More of it again is an underlay of inequality of which race is the oldest deepest expression but far from the only one. 

All of it is overlain, and some of it doubled down on, by a growing distance between the winners and losers of our emerging new economic model.

Hillary Clinton lost rural America three to one. If she had held the loss to two to one, she would be in the White House. Trump brought out to the polls, a white, disengaged electorate disenfranchised from power and mocked by it.

In Michigan, he won the rural and small town vote 57% to 38%. 

In Pennsylvania, by 71% to 26%. In Wisconsin, by 63% to 34%.

Trump spoke to them with that borrowed bible. 

He speaks to their fear, and sense of belittlement when he verbally attacks a media which he feasts off. He stands up for them when he has surrogates attack with tear gas peaceful protestors he demonises as the enemy.

That bible in Trump’s raised hand was a closed book, a symbol of displacement and disenchantment. It is a call to crusade, not a mission to the gentiles.

To bring this broken thing together would be the work of generations. But at times it seemed to be work in progress. 

Urban liberalism is compromised by its dependence on a service class that is expected to share its values but not its benefits. 

Covid-19 exposes a divide between economic winners and losers. 

The better off economically, and those with the privilege of tenure and pensions in the public service, survive largely unscathed. Their baristas, child carers, and cleaners will not.

In America, that inequality is intertwined with race. Like Nero’s Christians, someone must be blamed, if blame is to be pointed away from where it belongs.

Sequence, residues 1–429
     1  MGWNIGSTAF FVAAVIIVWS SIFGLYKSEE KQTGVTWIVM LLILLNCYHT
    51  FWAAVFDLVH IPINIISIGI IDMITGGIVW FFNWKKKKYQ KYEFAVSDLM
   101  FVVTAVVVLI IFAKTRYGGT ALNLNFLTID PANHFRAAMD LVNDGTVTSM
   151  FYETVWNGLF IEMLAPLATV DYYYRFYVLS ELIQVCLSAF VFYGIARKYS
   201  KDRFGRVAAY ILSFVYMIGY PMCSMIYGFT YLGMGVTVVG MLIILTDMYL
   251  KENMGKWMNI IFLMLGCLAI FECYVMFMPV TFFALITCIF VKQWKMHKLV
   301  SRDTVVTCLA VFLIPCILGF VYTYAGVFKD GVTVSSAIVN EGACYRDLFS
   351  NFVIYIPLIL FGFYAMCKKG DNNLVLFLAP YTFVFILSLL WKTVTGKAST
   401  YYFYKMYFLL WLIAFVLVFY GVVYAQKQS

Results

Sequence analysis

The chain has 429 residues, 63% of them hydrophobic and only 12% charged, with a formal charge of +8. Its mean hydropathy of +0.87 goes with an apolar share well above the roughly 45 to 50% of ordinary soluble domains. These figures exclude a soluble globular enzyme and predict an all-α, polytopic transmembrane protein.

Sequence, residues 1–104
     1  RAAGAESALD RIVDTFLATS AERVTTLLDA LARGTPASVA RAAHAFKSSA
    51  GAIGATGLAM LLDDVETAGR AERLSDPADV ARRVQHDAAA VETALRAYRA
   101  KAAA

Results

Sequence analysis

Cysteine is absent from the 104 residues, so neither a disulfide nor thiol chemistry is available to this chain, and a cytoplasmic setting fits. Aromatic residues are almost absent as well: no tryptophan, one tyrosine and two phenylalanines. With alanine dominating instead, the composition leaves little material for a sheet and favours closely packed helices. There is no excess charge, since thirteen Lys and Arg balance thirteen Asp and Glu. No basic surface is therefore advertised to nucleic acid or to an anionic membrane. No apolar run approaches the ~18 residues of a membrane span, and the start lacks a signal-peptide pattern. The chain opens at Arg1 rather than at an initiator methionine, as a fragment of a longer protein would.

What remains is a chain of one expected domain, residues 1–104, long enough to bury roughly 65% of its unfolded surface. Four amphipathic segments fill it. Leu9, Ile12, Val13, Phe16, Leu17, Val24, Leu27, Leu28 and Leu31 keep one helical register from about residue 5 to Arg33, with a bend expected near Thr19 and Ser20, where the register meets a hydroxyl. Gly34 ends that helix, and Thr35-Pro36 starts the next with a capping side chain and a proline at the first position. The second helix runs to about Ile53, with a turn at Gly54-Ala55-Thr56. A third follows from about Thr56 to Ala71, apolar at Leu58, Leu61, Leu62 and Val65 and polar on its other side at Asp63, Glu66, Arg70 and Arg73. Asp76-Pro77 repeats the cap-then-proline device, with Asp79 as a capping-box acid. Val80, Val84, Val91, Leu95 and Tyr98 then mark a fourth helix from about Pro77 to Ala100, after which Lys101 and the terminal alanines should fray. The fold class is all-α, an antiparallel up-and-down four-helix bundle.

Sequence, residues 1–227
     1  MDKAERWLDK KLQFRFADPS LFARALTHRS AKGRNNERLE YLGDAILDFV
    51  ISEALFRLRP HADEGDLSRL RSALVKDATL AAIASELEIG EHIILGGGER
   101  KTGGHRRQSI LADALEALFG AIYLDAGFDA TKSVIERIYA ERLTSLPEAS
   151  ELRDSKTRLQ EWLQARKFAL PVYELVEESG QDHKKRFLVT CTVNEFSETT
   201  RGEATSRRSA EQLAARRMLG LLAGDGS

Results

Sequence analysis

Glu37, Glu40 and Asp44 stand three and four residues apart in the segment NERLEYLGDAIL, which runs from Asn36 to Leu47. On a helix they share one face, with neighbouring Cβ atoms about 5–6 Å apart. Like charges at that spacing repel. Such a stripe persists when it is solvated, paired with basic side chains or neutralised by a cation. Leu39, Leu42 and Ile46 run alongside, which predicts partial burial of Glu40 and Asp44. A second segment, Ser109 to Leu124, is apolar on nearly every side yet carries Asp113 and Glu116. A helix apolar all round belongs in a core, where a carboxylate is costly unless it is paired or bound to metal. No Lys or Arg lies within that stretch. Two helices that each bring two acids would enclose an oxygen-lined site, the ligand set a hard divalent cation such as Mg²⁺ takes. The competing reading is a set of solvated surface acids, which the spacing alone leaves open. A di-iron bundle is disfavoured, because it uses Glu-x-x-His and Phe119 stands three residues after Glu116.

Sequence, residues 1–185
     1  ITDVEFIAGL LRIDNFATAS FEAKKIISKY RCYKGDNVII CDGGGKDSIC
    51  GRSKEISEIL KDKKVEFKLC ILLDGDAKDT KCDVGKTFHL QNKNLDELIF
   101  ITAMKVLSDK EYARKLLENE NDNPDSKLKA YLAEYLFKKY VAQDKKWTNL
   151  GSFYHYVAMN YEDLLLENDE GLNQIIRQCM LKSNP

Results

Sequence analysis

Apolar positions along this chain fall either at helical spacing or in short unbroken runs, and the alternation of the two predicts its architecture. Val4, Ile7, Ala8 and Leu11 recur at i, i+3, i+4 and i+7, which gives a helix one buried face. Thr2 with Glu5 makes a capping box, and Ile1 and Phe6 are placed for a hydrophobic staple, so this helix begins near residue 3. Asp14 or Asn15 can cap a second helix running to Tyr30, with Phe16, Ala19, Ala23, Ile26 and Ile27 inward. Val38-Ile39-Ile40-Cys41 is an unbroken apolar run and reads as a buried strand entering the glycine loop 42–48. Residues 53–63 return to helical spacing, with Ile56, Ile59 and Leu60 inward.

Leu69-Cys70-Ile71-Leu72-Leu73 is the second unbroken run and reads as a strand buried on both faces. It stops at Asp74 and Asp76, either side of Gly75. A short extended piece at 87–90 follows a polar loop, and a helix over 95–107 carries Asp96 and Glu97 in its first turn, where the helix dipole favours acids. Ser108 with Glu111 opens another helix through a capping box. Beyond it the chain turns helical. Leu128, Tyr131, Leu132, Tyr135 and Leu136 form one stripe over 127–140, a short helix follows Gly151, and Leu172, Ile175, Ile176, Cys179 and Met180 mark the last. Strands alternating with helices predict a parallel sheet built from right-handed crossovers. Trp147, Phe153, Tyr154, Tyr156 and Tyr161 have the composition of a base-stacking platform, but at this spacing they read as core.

The architecture of official Washington in the early 19th century, from the Capitol, to the White House and St John’s Church, was neo classical. 

It emulates ancient Greece and Rome. It exampled in a newly independent, but formerly colonial America, an international style.

It embodied the political values of democracy and especially the virtues of republican Rome before the emperors.

George Washington could have been addressed as your majesty, but he declined. 

The essential American political value, the one its constitution is based on is restraint. That restraint, is enforced by a separation of powers.

America, in the 21st century faces a crisis of confidence, threatened by relative decline. 

In rural America ravaged by an opioid crisis, de-industrialisation, and cultural denigration Trump caught a mood. 

His appeal is socially and geographically wider, but that is the shorthand for what he stands for and who he speaks to. There was nothing out of control in Washington this week.

This is a president manoeuvring by the minute, to stay ahead of events by the hour, to dominate by any means the airwaves in which rioters and police alike are extras in the live television performance of his politics.

After the Chicago riots of 1968 and the police brutality instigated by Mayor Daly, Richard Nixon successfully motivated a “silent majority” to vote for him. In more than 50 years, America has changed.

Civil rights are a legal fact but remain culturally and politically deeply contested. 

The recurring issue is of the scapegoat. Since Nero, there must be a denigrated, excluded group to account for bad events. If they can be set off or against another, zero-sum politics thrives.

That is Trump’s achievement. 

He is perfecting politics that successfully set off black people against poor whites for generations and repurposing it for his own ends.